How Long Does It Take for Fleas to Die after Treatment?

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Learn how quickly flea treatments begin working.

A calico enjoying petting from owner

When you discover fleas on your pet, it’s only natural to want to get rid of the blood-sucking parasites as soon as possible. Not only are they causing your dog or cat discomfort, but they could also lead to a dreaded flea infestation in your home. The good news is that there are lots of products available that will help you get rid of the itchy pests. This guide gives you an idea of how quickly fleas die after treatment, and looks at other factors to consider when choosing the right flea treatment for your pet


How Long Does It Take for Flea Treatment to Work?

Fleas are extremely mobile and reproduce rapidly, so taking back control and getting on top of the problem can take time. Getting rid of fleas often involves treating both your pet and your home. 

Flea control products for pets come in a variety of forms including topicals, flea collars, tablets and sprays. They use various active ingredients to kill fleas, which means they all work slightly differently. The time it takes for products to kill fleas varies depending on the product used. 

Topicals and Collars

Imidacloprid is an active ingredient in some topicals and collars that spreads throughout your pet’s skin and coat to kill fleas through contact; this means fleas don’t have to bite your pet to be killed.1 Other flea products, such as oral flea tablets, utilize ingredients that are active in the bloodstream; while there are many effective flea treatment options, how quickly products kill fleas can vary, so it’s always best to refer to the product’s label. Reducing the chance of flea bites by killing fleas on contact, however, helps to protect your pet against discomfort and irritation. 

Along with imidacloprid, some flea collars also contain flumethrin, which repels and kills ticks. Imidacloprid also kills flea larvae in the home environment — in carpets and pet bedding, for example — helping to break the flea life cycle.

Flea Shampoos

Flea treatment can also come in the form of a flea shampoo, which is applied directly to your dog or cat’s coat. Although shampooing your pet might feel like an immediate solution for banishing fleas, keep in mind that it doesn’t offer long-term protection. Bathing your pet with a flea treatment shampoo kills fleas on them at the time of bathing, so they’ll be at risk of re-infestation after the shampoo has been rinsed away. Flea shampoos are a great way to kill fleas on your pet quickly, but be sure to follow your pet’s bath with a longer-term preventive flea treatment.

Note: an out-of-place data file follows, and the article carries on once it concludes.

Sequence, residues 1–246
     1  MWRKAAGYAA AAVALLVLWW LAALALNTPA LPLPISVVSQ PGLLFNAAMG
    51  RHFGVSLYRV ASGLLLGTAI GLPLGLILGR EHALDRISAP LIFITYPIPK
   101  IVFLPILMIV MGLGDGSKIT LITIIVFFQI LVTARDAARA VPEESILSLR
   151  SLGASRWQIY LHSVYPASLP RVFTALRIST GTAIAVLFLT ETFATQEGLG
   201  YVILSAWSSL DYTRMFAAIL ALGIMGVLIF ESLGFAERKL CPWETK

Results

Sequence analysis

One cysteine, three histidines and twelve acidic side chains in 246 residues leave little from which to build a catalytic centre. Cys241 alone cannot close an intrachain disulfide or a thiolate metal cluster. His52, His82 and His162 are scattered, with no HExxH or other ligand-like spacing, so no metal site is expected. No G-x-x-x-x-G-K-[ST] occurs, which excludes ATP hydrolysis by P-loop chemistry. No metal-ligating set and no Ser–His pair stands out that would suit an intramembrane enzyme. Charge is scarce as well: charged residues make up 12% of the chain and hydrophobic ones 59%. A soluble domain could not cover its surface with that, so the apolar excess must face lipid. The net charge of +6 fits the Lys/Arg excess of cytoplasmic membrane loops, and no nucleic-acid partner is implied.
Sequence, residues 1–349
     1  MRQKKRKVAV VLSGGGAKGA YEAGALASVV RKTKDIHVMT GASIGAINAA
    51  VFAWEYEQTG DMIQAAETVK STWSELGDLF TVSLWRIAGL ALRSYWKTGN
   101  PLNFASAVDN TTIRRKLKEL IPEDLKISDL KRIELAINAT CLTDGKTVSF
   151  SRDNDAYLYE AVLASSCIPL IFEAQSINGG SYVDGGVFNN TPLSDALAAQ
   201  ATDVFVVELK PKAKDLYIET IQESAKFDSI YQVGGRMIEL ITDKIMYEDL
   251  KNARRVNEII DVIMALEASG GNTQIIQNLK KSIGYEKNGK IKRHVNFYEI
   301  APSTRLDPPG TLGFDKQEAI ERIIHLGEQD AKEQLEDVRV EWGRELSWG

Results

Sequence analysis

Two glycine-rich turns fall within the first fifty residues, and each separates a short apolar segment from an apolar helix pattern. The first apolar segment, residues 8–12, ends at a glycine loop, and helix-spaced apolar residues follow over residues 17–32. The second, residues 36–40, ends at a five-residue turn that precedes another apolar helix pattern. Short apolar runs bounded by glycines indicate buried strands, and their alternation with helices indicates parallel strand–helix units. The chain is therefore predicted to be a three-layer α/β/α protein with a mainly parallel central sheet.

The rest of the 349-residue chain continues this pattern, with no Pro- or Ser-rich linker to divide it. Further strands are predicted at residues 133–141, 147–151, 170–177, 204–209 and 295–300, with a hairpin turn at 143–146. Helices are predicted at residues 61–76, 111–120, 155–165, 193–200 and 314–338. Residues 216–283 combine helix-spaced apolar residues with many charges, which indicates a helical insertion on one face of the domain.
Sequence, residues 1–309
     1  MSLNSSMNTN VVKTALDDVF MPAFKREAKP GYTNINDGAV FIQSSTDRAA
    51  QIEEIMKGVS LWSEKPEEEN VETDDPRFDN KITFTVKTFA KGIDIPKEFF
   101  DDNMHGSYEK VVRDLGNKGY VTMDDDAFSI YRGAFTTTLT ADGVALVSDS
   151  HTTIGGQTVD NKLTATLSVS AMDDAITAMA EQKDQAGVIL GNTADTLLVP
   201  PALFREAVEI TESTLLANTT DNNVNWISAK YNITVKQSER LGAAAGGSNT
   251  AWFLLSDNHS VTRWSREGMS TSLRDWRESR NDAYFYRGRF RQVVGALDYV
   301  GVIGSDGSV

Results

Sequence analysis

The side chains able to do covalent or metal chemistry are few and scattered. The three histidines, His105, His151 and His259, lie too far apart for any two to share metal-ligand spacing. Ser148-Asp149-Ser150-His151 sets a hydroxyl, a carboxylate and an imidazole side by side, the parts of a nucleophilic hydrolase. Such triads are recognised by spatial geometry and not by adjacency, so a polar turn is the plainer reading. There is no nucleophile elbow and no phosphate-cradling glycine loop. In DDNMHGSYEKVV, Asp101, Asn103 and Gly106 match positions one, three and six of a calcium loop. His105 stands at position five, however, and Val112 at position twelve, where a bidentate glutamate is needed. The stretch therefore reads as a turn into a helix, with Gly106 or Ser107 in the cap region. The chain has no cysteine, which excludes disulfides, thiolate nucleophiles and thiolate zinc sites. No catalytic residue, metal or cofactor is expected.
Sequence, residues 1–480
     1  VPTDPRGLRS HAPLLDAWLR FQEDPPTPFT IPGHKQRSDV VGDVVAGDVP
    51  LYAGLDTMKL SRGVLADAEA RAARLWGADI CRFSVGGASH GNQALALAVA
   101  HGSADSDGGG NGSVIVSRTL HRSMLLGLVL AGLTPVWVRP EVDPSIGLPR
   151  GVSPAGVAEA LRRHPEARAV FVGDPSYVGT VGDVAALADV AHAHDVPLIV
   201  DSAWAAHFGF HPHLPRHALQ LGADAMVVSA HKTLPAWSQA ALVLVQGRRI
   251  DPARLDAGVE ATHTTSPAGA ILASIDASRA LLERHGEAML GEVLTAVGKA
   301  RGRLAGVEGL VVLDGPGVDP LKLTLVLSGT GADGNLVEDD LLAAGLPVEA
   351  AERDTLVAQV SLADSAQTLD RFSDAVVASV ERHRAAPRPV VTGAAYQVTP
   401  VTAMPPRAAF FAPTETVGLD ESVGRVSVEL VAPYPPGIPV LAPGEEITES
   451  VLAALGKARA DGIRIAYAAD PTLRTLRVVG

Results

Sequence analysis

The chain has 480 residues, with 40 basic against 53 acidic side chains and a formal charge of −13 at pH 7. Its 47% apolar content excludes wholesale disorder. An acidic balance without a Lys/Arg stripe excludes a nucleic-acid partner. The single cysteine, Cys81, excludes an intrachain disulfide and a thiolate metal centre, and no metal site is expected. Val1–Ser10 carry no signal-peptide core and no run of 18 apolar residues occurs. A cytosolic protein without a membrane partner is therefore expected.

Pet owner bathing dog

Household Flea Sprays

By the time you spot a flea on your pet, there could be a few generations of new fleas in your home. The female flea can lay up to 50 eggs per day, with these eggs hatching into flea larvae in your home and burrowing into carpets, sofas, your pet’s bedding and anywhere else your pet goes. After a period of time, these larvae hatch into new fleas ready to bite your pet and start the cycle all over again. Treating your home, as well as your pet, is an important part of getting on top of a flea infestation.

Tabby cat lounging on chair

Once you’ve cleaned your house by vacuuming and washing bedding, use a special household flea treatment to help break the flea life cycle. These handheld sprays can help you pay particular attention to places flea eggs, larvae and pupae like to hide, such as under beds and furniture or in carpet and upholstery

Always follow the instructions on the can and treat your home thoroughly — fleas really can get anywhere! The time it takes to remove fleas from your home will depend on the level of infestation you have. In some cases, it can take several months to get rid of them completely. Persistence is key.


I’ve Treated My Pet and My Home, So Why Am I Still Finding Fleas?

It’s frustrating to spot a flea on your pet or flea dirt in your pet’s coat after the time and effort it took to treat your pet and thoroughly de-flea your home. 

The best advice is to give it time. Once a flea infestation begins, it can take a while to completely clear it. Flea larvae can remain dormant in your home for months, so new fleas may continue to emerge — even after treatment. These fleas will quickly die after hatching if you’ve treated your home and kept up with regular flea preventive for your pet, but it can take a while for all the existing fleas to hatch and be killed.

It’s also worth remembering that no flea treatment forms a force field to stop fleas from jumping onto your pets — but an effective treatment will quickly kill fleas once they come into contact with your pet. Once you’ve gotten on top of an infestation, keeping up with regular flea treatment will help to make sure your pet and your home stay protected. 

References:

  1. Mehlhorn et al. Parasitol Res (2001) 87:198-207, information is regarding mode of action and is not intended to relate to speed of kill or to imply parasites can be completely stopped from biting.

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PM-US-21-2600

Date of review March 2022

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